No sales teams for anti-tuberculosis medicines, to shrink the risk of overselling
Companies that rely on making high volumes of sales may deploy sales practices that lead to overselling and promote inappropriate use.
When antimicrobial products are used too much or wrongly, they can become ineffective and drive AMR. Companies that rely on making high volumes of sales may deploy sales practices that lead to overselling and promote inappropriate use. When companies choose not to promote their products, they can mitigate this risk and help to limit resistance.
Given the wide spread of multidrug-resistant and extensively drug-resistant tuberculosis (MDR-TB and XDR-TB), it is crucial that new medicines do not become ineffective. These are medicines of last resort, and global health and national public health bodies recommend they be made available only in specialised centres under tightly controlled conditions.
What does best practice look like?
Otsuka, Johnson & Johnson and Viatris have chosen not to promote their on-patent tuberculosis medicines (respectively delamanid/Deltyba®, bedaquiline/Sirturo® and pretomanid/Doprevla) in most countries, despite having received marketing authorisation. Johnson & Johnson does promote bedaquiline (Sirturo®) in at least one country. These are the only three on-patent medicines for the disease: the first two are used to treat MDR-TB, while the newer Dovprela (first approved in 2019) treats XDR-TB, non-responsive MDR-TB and treatment-intolerant TB.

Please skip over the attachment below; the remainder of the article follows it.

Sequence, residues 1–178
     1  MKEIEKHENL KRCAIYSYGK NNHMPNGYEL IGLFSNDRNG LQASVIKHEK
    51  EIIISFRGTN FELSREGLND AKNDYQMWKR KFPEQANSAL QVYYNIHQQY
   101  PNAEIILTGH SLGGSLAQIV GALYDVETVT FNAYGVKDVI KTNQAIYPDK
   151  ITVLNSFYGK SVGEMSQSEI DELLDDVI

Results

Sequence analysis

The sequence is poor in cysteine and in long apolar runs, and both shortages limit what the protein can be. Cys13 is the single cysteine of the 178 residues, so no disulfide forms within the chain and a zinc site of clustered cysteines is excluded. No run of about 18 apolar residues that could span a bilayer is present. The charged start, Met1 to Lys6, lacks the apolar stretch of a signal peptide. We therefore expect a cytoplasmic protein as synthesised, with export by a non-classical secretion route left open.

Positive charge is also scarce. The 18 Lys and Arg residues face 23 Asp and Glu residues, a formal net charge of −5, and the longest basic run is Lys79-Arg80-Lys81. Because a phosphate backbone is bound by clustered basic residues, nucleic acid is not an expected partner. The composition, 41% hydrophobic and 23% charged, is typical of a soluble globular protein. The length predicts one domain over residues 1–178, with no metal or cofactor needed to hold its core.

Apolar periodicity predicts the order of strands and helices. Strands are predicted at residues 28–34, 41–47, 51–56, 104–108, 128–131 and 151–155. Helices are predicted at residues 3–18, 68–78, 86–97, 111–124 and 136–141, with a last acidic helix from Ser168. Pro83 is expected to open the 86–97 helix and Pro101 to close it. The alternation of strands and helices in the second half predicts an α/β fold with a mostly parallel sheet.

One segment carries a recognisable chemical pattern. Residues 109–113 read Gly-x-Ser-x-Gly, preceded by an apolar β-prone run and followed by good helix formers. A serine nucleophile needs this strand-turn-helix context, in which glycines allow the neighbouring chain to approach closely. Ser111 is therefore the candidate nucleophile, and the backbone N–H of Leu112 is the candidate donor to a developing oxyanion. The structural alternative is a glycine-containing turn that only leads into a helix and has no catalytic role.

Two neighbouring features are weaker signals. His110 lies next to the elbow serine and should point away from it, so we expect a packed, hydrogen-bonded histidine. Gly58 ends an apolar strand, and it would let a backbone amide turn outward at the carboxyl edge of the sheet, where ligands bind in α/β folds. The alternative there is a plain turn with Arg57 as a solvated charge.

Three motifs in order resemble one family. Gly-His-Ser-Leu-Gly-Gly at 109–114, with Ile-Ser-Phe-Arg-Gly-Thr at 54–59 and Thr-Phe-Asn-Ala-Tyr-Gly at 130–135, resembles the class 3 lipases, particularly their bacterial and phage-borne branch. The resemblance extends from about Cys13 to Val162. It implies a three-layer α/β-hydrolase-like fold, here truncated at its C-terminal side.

By choosing not to promote, these three companies remove the risk of incentivising sales agents to oversell to healthcare professionals. In 2020, the Benchmark recognised Otsuka and Johnson & Johnson for best practice: both remain consistent in their approach.
It is especially important that strong stewardship measures are used for new medicines to help patients who do not respond to other treatment. Promotion can lead to overselling and weaken treatment effectiveness. The decision to not promote these medicines is a significant step in the right direction.
Promotion can lead to overselling and weaken treatment effectiveness
Many companies still promote their antibacterial and antifungal medicines to healthcare professionals. In the case of last-resort antibiotics (such as those the WHO classifies as “reserve”), the Benchmark urges manufacturers to avoid promotion to mitigate overselling, misuse and the spread of resistance.